Fusing with Bottle Glass

Share on FacebookShare on TwitterPin it on Pinterest

Bottles before the fusing starts

Learning to use bottle glass to produce glass art is a really great idea.  Not only because there are a ton of projects that can be made, but it’s fun!  Because bottles are relatively abundant, there’s less pressure to be perfect.  Being able to start over with minimal expense is a great way to get over the new project jitters and branch out.

At this point, I can’t imagine there is a person left on the planet that hasn’t seen ye olde flattened wine bottle…

Recycled Bottle Cheese TrayBut, there are SO many more things you can do with bottle glass!  Or even flattened bottles; here are some swanky recycled fused bottle glass house numbers.

Recycled Wine Bottle House Numbers

Or, for something spring-like, how about some wall vases?

Recycled Wine Bottle Wall VasesThese were made with the necks of wine bottles.  Or, how about a votive holder or 3?

Recycled Wine Bottle VotivesOr maybe some small jewelry or soap dishes?

Recycled Fused Bottle Glass DishesAnd even jewelry;

Recycled Bottle Glass BraceletGranted, all of these projects are small, and that’s okay.  But, with some testing and other tricky techniques, you can even make large pieces with fused bottle glass.

Recycled Blue Bottle Glass PlateThis fused bottle glass plate is made with a couple of large Skyy Vodka bottles.  Stay tuned, I’ll teach you the alternating glossy and matte stripes trick later in the month.

Fused Recycled Bottle Glass Plate with Kiln CarvingThis one is fused brown glass (beer bottles) with Kiln Carving detail on the back.  I hope some of these photos gave you ideas for your own projects. 

 If you enjoyed this post, you’ll LOVE my newsletter!  Sign up now and you won’t miss a thing.

We respect your email privacy

Email Marketing by AWeber

Share on FacebookShare on TwitterPin it on Pinterest

Related posts:

  1. Fusing a Martini Glass
  2. Stacking and Tack Fusing Recycled Glass Take 2
  3. Technical Question, Recycled Glass Compatibility
  4. Stacking and Tack Fusing Recycled Glass
  5. Technical Question, Bottle Cutting

I appreciate the reply.  Will try the tile saw.  I am going to use them for planters and have seen them around, just didn't know how they were done.  thanks for help.



I was wondering if you knew how to cut the sides out of a recycled wine bottle and how or what you would use to polish the glass edges.  Thanks for all the help.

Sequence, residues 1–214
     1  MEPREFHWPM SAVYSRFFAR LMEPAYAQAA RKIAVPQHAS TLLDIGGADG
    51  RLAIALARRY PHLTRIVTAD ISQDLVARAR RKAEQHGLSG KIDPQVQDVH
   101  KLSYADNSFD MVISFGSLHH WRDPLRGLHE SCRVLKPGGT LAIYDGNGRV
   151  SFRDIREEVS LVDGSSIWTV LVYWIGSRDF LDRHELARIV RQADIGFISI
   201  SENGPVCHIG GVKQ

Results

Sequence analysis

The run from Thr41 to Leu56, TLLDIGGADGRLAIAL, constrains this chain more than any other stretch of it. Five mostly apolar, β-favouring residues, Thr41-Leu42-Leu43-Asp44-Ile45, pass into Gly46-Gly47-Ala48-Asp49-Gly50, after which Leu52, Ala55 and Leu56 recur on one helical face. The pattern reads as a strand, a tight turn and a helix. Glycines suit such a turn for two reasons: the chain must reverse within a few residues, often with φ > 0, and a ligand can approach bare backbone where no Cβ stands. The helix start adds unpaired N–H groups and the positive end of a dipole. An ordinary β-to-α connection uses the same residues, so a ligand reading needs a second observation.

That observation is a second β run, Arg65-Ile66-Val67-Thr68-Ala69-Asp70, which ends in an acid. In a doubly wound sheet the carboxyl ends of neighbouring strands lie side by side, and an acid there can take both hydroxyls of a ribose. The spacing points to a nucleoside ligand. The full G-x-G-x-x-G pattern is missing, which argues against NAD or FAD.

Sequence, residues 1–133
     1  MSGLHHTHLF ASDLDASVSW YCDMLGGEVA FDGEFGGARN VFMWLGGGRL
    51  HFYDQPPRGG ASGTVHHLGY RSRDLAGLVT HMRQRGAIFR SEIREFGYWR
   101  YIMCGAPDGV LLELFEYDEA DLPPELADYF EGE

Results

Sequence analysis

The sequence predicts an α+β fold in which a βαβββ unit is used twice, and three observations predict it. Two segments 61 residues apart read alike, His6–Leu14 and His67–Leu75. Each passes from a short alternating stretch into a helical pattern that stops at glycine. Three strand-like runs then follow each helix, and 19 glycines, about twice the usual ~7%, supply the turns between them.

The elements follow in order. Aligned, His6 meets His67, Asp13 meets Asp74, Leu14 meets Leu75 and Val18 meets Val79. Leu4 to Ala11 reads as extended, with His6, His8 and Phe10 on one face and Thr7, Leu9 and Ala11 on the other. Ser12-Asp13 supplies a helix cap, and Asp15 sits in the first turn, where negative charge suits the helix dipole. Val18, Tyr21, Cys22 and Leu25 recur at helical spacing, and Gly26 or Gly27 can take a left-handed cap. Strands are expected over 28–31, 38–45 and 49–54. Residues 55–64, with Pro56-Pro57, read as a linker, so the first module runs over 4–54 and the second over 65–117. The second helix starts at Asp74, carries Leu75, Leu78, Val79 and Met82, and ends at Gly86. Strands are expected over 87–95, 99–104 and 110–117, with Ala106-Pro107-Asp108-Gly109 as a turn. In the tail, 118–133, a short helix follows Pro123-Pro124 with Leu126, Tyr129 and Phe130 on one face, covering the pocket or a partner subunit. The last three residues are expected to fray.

Can you describe how you made the small jewelry or soap dishes?

Thanks so much. I enjoy your site!

Rose Mary


I slumped some bottles in the bottle molds and had several very sharp spurs on the edges.  I knocked them off with the grinder so now I need to fire polish.  Can you recommend a schedule to fire polish the bottles so that I don't lose the shape?


Thanks, K

GlassWithaPast moderator

 @vprice So, I'm thinking you want to cut the whole vertical side off the bottle, maybe to use it as a planter or something like that?  I would use a tile saw to cut the side off, then use diamond pads, or a grinder to polish the edges.  I tried doing this and fire polishing the edges, but the bottle collapsed into itself.


Let me know if that helped or brought up more questions.  Thanks for the comment!

GlassWithaPast moderator

 @RoseMaryFlint  Hi RoseMary;  Thanks for your comment, The small dishes are made by cutting a bottle into a cylinder, and then cutting the cylinder into rectangles, then cutting the rectangles down to an octagon and fusing it in a mold....and that makes very little sense, so I will add it to the tutorial list and try to get it online next week! 

GlassWithaPast moderator

 @kellbwm Hey Kelli;  I answered this question on a different post, did you see it?


  1. [...] 4.  Cut a regular 750 mL bottle the same height as the cut fiber paper pattern.  (this may be a unique to you size depending on what percentage you print the pattern at).  Clean the cut bottle and place the cylinder centered on the fiber pattern. [...]

  2. [...] use with recycled bottle glass and will fit a regular 750 mL bottle if printed at 100%.  Here is a tutorial about how to cut and calculate bottle glass for fusing if you need [...]

  3. [...] to fuse, but don’t know how much bottle glass you [...]

  4. [...] within 4.5″ (11.4 cm) wide because that’s how wide a regular wine bottle is when you melt it flat.  The patterns can be printed at different % for larger or smaller [...]

  5. [...] Beads are nice, but how do I get the bottle into pieces? [...]

  6. [...] Fusing glass bottles has never been easier!  It’s never been harder either, but don’t let that stop you! [...]

  7. […] leave enough room for the bottle to flatten, here’s a quick way to tell how big the bottle will be when fused flat.  Kiln wash should be 3-5 coats thick, based on manufacturers recommendations.  Typically the […]

Switch to our mobile site